|Publication number||US4096780 A|
|Application number||US 05/753,734|
|Publication date||Jun 27, 1978|
|Filing date||Dec 23, 1976|
|Priority date||Dec 23, 1976|
|Publication number||05753734, 753734, US 4096780 A, US 4096780A, US-A-4096780, US4096780 A, US4096780A|
|Inventors||Lorna Ann Dawson|
|Original Assignee||Lorna Ann Dawson|
|Export Citation||BiBTeX, EndNote, RefMan|
|Patent Citations (9), Referenced by (20), Classifications (8)|
|External Links: USPTO, USPTO Assignment, Espacenet|
1. Field of the Invention
This invention relates generally to electrically amplified multi-stringed musical instruments, for instance electric guitars, and more particularly to a polyphonic for instance, stereophonic pickup device for use with a multi-stringed musical instrument of which the strings are of ferromagnetic material, for instance, steel.
2. Description of the Prior Art
Known stereophonic pickup devices consist of a number of permanent magnets arranged to create a magnetic field, through which the steel strings of the musical instrument pass. The magnets are divided into two groups, each group of magnets being associated with a coil, the output voltage induced across which being applied to each of two stereophonic amplifier channels, to achieve complete separation of the signals induced by each group of magnets.
The present invention provides a polyphonic pickup device for use with a stringed musical instrument of a type having an instrument body, a plurality of strings of ferromagnetic material, means for suspending said strings under tension from two spaced portions of the instrument body and means for individually adjusting the tension in each string so as to adjust the musical pitch of that string, the pickup device comprising: a support; a plurality of groups of electric coils mounted to the support, the number of groups of said coils corresponding to the number of strings of the musical instrument, each group of coils being spaced apart from the other groups of coils; a plurality of spaced-apart permanent magnets mounted to the support and corresponding in number to the number of groups of said coils and hence to the number of said strings; each group of coils being positioned close to an associated one of the said megnets so as to be in the magnetic field thereof; first electrical connections between a first coil of each group of coils; second electrical connections between a second coil of each group of coils; the ratio of the number of turns in the first coil to the number of turns in the second coil being different for each group of coils; means for mounting the support to the instrument body to place each string in the magnetic field of a respective one of the said magnets; means for producing as a first electrical output signal a combination of electric signals from said first coils resulting from vibration of said strings; and means for producing as a second electrical output signal a combination of electric signals from said second coils resulting from vibration of said strings; whereby polyphonic reproduction of said first and second electrical output signals produces an aural effect as if the individual strings of the musical instrument are widely spaced apart.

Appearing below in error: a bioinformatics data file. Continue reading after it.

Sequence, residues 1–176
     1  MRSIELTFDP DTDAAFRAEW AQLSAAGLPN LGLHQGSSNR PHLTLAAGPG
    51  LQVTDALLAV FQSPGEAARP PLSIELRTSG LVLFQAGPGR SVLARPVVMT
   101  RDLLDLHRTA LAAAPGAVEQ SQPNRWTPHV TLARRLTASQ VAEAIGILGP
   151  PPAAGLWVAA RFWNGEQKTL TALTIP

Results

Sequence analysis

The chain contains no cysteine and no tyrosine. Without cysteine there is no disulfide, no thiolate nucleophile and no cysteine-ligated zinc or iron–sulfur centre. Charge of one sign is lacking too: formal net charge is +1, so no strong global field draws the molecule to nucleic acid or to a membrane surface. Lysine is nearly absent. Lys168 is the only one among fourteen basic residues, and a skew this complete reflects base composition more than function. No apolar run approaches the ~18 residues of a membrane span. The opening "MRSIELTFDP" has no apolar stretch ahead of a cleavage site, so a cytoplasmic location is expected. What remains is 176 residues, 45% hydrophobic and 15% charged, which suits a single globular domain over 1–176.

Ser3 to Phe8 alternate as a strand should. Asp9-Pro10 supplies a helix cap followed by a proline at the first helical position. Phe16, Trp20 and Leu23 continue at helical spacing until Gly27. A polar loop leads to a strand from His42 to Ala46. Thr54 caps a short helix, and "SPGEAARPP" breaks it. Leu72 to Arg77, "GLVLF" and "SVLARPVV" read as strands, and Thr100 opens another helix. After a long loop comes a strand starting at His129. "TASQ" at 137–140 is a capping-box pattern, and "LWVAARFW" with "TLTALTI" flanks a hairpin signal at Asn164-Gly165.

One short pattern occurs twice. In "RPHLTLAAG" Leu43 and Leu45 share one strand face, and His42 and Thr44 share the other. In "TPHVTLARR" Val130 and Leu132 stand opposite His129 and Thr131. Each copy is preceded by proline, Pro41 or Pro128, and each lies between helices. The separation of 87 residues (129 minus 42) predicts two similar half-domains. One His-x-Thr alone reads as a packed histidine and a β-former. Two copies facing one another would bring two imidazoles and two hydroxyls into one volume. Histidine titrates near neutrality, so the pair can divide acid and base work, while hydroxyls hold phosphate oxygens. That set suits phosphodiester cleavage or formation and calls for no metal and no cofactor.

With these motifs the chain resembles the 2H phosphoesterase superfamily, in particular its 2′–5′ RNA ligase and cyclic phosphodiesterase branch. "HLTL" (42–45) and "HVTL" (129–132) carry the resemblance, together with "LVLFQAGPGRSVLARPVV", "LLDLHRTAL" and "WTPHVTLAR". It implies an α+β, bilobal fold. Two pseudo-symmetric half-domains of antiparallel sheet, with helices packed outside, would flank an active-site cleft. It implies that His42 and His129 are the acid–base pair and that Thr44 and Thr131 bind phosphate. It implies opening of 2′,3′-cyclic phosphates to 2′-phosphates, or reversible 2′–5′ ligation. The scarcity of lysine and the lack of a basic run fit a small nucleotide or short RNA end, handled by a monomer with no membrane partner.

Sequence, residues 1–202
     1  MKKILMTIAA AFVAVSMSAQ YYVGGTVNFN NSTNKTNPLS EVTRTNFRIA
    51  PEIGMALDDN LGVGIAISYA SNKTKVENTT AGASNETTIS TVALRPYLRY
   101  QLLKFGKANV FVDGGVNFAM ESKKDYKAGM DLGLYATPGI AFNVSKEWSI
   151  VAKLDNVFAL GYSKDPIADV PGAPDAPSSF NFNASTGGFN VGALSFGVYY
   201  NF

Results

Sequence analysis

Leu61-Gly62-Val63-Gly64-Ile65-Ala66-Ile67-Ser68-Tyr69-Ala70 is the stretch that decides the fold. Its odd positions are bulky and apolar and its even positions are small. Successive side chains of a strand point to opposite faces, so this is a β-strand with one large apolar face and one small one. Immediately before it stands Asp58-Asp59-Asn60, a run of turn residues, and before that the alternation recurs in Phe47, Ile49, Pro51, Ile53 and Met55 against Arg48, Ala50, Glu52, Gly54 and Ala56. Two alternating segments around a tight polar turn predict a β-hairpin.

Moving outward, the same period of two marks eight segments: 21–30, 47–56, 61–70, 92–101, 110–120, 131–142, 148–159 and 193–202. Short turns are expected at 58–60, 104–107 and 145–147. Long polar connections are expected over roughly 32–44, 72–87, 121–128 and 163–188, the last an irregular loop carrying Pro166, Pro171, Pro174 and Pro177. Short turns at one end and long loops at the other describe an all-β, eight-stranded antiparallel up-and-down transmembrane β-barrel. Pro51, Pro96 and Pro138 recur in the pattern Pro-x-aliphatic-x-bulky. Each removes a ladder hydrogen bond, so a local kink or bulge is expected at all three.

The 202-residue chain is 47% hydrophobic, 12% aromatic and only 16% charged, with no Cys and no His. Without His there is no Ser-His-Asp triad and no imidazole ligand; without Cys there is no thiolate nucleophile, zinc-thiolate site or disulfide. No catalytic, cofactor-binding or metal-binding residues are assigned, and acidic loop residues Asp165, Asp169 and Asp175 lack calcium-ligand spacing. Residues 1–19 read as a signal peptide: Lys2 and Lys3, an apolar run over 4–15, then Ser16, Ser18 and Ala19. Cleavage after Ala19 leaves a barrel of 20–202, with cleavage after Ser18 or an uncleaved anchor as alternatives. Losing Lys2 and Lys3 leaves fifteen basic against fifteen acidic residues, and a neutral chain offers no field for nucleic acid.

FIG. 1 illustrates an electric guitar including a stereophonic pickup device embodying the invention;
FIG. 2 is an enlarged view of part of the guitar of FIG. 1, showing the pickup device and controls of the guitar;
FIG. 3 is a pictorial view of the pcikup device;
FIG. 4 is a diagrammatic illustration of the pickup device; and
FIG. 5 illustrates the aural effect of the electric guitar.
Referring to FIG. 1, there is illustrated an electric guitar which is of conventional construction, apart from incorporating a stereophonic pickup device in accordance with the invention. More particularly, the guitar 10 comprises a body 11, a neck 12 which is an extension of the body 11, and a head 13. Six strings 14a to 14f of steel extend from a tailpiece 15, over a bridge 17 and nut 18 to tuning machines 16a to 16f as shown. A scratch plate or finger plate 19 is secured to the body 11, and carries two pickups, namely, a finger plate pickup 20 which embodies the invention, and a bridge pickup 21, which may either be identical to the pickup 20 or may be a conventional pickup such as the known pickup referred to above. A tremelo arm 22 extends out of the tailpiece 15, and an electric flex (not shown) is provided for connection to a stereophonic amplifier (not shown) of conventional construction. Four selector switches 23i to 23iv are mounted on the finger plate 19, for mono/stereo selection, finger plate pickup 20 selection, bridge pickup 21 selection and rhythm/lead selection respectively. The terms "rhythm" and "lead" are terms of art which will be understood by those who are familiar with the known electric guitar, and with groups of musicians using electric guitars. Six volume controls 24i to 24vi are also mounted on the finger plate 19. Controls 24i and 24ii are rhythm volume controls for the right-hand and left-hand channels respectively. Controls 24iii and 24iv are finger plate pickup 20 volume controls for the right-hand and left-hand channels. Controls 24v and 24vi are bridge pickup volume controls for the right-hand and left-hand channels respectively.